On the front page of the July 10, 1776 issue of the Pennsylvania Gazette readers were presented with the Declaration of Independence. Most likely, it would have been read out loud to a crowd on the steps of a tavern or store. It must have been profound moment for some to hear “We hold these truths to be self-evident, that all men are created equal.” Later on that same page, the reader would come to an advertisement: “TEN DOLLARS REWARD. Run from the Subscriber…a dark mulatto slave named HARRY.” The idea of equality was not a truth for everybody. In this lesson, students grapple with this truth about our country’s founding principle and consider the ramifications for our country today.
Grade Level: 5 – 12
Topics: Declaration of Independence, Slavery
Historical Thinking Skills: Sourcing and Evidence, Continuity and Change
Review the Declaration of Independence. Ask students to think about what it means to be equal. Use the Value Tensions handout to guide discussion.
Analyzing Primary Sources
Provide students with this annotated copy of the Pennsylvania Gazette (or the original front page) and the worksheet.
Students do a close-read and analysis of the newspaper, summarizing the two highlighted sections and discussing the value tensions of freedom and equality. Spend some time with the runaway advertisement and Harry’s, (the runaway’s) story, humanizing him and connecting him to this political world. His act of running away was a political act. If the advertisement is challenging, read through it together as a class. Ask students to look independently at the original front page and choose another advertisement to read and summarize.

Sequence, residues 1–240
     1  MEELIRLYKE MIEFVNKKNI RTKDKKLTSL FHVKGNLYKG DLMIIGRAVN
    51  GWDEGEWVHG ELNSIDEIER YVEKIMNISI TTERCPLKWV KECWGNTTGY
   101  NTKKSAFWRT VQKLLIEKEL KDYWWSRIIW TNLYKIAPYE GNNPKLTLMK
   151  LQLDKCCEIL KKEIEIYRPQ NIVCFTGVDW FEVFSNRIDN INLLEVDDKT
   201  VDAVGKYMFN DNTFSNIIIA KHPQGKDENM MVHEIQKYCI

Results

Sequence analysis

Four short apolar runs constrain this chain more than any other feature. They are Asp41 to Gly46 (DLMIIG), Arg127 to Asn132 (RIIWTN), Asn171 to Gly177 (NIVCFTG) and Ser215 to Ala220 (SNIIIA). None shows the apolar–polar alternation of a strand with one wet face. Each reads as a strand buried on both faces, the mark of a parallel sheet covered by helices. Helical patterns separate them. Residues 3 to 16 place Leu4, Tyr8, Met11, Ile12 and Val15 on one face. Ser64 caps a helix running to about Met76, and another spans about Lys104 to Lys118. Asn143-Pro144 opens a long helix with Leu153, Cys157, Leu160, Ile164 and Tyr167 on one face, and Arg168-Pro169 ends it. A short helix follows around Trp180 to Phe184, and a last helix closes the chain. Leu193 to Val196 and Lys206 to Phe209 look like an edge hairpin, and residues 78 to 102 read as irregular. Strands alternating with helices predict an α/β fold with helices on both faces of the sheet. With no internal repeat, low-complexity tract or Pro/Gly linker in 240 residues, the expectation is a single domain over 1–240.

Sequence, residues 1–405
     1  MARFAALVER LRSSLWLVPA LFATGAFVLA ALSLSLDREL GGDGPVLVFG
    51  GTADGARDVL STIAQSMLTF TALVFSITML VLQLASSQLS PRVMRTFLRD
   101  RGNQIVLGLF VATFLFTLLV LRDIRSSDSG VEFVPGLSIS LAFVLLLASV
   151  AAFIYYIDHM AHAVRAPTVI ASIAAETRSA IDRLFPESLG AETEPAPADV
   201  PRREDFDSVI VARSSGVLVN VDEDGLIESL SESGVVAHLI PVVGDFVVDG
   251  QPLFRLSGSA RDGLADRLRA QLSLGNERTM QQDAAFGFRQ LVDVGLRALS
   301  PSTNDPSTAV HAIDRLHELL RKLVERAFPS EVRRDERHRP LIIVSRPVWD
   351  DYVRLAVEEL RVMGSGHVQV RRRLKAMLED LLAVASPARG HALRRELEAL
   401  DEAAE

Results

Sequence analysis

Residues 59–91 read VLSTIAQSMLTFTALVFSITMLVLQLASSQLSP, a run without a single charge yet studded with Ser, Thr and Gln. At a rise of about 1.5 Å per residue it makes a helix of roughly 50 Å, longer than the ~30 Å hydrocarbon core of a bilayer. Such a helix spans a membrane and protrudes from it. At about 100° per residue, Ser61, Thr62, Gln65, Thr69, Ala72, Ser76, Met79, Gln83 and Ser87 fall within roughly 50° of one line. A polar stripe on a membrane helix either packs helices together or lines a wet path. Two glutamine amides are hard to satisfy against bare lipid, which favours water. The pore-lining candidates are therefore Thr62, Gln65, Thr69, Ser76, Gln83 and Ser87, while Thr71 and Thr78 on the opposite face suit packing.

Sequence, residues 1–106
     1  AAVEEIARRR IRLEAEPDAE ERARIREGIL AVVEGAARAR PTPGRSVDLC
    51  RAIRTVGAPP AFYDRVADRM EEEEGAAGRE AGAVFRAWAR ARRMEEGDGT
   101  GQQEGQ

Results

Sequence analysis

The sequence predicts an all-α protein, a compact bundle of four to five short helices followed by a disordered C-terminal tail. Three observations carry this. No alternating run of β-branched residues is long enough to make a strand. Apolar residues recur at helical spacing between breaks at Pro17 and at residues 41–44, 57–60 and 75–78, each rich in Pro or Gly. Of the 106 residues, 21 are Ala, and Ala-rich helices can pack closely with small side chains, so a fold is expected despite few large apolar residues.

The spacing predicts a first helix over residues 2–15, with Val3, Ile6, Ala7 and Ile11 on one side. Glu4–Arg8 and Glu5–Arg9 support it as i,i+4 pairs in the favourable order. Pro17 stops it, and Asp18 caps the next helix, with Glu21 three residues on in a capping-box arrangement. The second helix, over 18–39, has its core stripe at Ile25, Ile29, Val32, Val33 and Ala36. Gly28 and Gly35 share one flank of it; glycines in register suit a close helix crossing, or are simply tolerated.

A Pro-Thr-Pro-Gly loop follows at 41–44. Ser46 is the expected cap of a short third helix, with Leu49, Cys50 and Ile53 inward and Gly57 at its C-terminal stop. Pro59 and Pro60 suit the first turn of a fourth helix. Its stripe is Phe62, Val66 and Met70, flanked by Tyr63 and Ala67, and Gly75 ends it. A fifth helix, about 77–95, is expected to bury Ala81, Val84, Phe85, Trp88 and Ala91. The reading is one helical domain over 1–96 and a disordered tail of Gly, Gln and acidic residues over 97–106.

Students could go further and research what the words “all men are created equal” meant to the framers.
Students could also go further and learn more about the enslaved people owned by Thomas Jefferson.
Have students find a recent news story that highlights the tensions between freedom and equality today.
Hold a discussion about how these tensions of freedom and equality resonate from July 4, 1776 to today.